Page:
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Layla F Saad’s Me and White Supremacy: What I learnt

Sophie Rust recently joined Equality, Diversity & Inclusion as a Project Officer, working two days a week in the Faculty of Arts & Humanities. She previously worked in King’s Careers & Employability.  

Nine months after the murder of George Floyd sparked a resurgence of the global Black Lives Matter movement, I have been reflecting on my own journey towards practising anti-racism. Layla Saad in her book Me and White Supremacy explains that commitment to anti-racism is a lifelong practice. It is one that I have only recently started to understand.  

Last June we saw organisations scrambling to articulate positions on racism. Many were sceptical about the depth of convictions behind their public statements and black squares. Whilst structural and individual racism must be addressed, it was my own inaction that left me most uncomfortable. Asking myself ‘am I really doing enough?’, the answer was a resounding no. Like many other white people, I considered myself liberal, progressive, and ‘not racist’, but through engaging with anti-racist scholars and activists such as Ibram X. Kendi, Reni Eddo-Lodge and Akala, I understood that ‘not-racist’ is not enough. This seemingly neutral position actually upholds the status quo in order to retain white privilege.  

Educating myself has helped me deepen my understanding of racism, the legacy of colonialism and empire, and how I can show up as an ally to People of Colour. One of the texts that has been most helpful is Layla F Saad’s Me and White Supremacy: How to Recognise your Privilege, Combat Racism and Change the World.  Originally a 28–day Instagram challenge, Me and White Supremacy is now in book form with journaling questions to complete at the end of each day. I got a small group of friends together to read and discuss it over a few months, which provided accountability and support as we confronted this uncomfortable subject matter together.  

The book begins with an introduction to Saad’s own story, an overview of white supremacy as a topic and instructions on how to use the book. The rest of the book is split into four themed sections: Week 1 – The Basics which grounds you in key concepts; Week 2 – Anti-blackness, Racial Stereotypes and Cultural appropriation; Week 3 – Allyship; and Week 4 – Power, Relationships, and Commitments.  Saad has given me vocabulary to discuss racism and white supremacy, which has transformed my confidence to speak about race. Journaling has enabled me to go deeper into the content and relate knowledge that might otherwise remain abstract and theoretical to my daily life.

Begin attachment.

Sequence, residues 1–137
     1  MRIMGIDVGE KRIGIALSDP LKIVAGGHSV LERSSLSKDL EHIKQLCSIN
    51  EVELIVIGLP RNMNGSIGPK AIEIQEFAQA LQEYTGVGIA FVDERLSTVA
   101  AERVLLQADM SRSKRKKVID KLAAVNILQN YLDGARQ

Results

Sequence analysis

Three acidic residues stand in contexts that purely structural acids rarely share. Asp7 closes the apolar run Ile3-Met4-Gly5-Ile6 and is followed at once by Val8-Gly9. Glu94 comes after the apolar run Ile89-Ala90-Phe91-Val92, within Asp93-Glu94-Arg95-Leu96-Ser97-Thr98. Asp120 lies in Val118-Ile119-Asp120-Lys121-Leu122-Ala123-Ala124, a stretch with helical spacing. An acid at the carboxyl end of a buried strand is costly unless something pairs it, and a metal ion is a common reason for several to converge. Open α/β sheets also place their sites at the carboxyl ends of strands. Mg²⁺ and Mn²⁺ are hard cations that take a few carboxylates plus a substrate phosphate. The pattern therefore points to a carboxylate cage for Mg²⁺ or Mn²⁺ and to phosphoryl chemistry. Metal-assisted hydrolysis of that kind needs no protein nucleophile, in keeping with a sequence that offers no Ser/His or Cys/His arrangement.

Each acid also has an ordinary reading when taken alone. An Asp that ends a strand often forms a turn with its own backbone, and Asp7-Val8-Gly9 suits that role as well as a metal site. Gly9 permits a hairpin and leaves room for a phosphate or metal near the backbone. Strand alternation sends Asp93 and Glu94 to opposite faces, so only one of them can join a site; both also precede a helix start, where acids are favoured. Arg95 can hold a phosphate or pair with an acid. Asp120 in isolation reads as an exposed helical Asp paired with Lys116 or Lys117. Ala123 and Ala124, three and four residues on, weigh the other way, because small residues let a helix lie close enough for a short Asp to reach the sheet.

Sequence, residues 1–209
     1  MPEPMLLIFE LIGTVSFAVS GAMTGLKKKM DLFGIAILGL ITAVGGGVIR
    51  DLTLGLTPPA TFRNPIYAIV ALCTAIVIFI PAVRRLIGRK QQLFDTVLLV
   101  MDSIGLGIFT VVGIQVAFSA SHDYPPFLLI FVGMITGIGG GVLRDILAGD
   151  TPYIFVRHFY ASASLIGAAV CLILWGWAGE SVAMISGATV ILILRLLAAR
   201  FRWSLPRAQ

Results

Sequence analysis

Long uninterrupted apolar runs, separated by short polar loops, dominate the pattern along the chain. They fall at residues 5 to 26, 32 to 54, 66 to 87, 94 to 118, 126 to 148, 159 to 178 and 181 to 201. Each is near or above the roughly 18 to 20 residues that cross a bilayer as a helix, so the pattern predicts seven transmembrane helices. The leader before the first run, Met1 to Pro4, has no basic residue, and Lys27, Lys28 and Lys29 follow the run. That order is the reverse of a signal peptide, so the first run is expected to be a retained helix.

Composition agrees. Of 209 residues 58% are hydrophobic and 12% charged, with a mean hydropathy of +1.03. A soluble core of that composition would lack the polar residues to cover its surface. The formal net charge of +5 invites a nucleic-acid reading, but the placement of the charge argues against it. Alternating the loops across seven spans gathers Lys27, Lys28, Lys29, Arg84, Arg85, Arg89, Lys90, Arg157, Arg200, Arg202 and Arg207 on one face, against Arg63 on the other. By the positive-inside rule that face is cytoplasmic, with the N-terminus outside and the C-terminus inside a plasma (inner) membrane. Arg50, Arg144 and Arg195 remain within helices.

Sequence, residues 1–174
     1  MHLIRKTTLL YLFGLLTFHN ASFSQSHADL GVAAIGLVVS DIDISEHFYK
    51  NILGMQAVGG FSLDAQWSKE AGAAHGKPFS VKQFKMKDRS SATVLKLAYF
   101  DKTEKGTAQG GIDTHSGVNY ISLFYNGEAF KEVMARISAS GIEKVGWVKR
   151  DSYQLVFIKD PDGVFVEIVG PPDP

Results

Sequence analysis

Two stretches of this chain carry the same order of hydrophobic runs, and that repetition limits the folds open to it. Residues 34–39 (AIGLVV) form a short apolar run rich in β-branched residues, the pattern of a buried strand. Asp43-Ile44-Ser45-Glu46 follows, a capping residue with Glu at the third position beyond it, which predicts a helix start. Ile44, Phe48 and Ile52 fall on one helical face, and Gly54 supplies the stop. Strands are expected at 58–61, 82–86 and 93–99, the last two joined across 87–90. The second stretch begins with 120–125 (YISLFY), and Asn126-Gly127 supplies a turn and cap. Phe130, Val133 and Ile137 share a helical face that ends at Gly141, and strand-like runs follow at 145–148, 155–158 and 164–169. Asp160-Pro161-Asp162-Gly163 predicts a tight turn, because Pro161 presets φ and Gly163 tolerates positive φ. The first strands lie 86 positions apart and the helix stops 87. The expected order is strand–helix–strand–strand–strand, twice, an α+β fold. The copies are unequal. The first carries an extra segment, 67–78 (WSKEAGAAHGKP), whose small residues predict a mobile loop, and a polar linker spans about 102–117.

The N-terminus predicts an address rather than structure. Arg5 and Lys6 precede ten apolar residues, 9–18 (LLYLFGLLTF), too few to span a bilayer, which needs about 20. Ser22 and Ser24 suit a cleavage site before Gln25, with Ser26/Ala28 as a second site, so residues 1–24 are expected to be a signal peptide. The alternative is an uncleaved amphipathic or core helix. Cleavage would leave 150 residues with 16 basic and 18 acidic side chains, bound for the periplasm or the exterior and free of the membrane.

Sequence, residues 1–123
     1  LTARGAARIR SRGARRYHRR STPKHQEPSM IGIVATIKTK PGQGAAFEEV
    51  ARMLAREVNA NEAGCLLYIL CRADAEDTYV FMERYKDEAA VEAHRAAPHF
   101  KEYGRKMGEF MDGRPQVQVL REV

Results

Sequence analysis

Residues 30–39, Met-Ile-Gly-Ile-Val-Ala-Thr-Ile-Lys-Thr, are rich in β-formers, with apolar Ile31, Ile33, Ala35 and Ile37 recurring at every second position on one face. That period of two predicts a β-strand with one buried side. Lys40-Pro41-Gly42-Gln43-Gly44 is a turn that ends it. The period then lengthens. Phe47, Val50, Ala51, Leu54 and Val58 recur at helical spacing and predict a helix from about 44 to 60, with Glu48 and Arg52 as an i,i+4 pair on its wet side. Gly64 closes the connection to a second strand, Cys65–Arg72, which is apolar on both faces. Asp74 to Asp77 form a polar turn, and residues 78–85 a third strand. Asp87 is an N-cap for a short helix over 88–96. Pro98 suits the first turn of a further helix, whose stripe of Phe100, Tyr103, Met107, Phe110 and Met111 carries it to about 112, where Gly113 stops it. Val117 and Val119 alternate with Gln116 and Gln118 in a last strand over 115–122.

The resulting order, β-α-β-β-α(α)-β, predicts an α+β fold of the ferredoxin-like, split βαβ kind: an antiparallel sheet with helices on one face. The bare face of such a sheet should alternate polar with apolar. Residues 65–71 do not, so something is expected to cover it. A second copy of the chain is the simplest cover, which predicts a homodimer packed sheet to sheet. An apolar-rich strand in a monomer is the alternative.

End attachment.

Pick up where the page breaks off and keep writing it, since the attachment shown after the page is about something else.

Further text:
Instagram post and graphic by illustrator and activist Danielle Coke presenting steps you can take in the short-term to combat racism and contribute to change. Follow Danielle on Instagram @ohhappydani.

Responding to the section on commitments at the end of the book, I explored my sphere of influence to see where I could practice anti-racism. This led me to examine where I was shopping and to discover Black-owned alternatives via marketplaces such as Jamii or Janet’s List. I became a member of gal-dem which is an independent media organisation committed to telling the stories of people of colour from marginalised genders. I decided to join the trade union UNISON in order to organise and campaign for better working conditions for all staff. I joined my local Labour Party to understand more about local issues where I live in Tottenham which has a large Black and Minority Ethnic population. In my previous role in King’s Careers & Employability I participated in our local Race Equality Group and worked with Gya Niyazi to ringfence 20% of the Student Opportunity Fund grants for Black students. I’ve also started having conversations about race with my family. This has been one of the most challenging commitments, especially with the added barrier of virtual communications during the pandemic. These are just a few examples related to my personal sphere of influence so I’m not sharing them as a blueprint. I know this is just the beginning and I still have a lot to do. Each day presents new opportunities.  

Saad writes: ‘it is your responsibility within yourself, your communities, your educational institutions, your corporations, and your government institutions to do the work that you can do every day to create the change the world needs by creating change within yourself.’ There are fantastic ways to get involved in anti-racism work at King’s such as the Race Equality NetworkGlobal Day of ServiceConversations about Race and anti-racism resources. Learn more about anti-racism at King’s here.  

Please do reach out to me by email or LinkedIn ([email protected]) if you have feedback on this blog post or want to connect – I would love to hear from you! 

From https://blogs.kcl.ac.uk/diversity/

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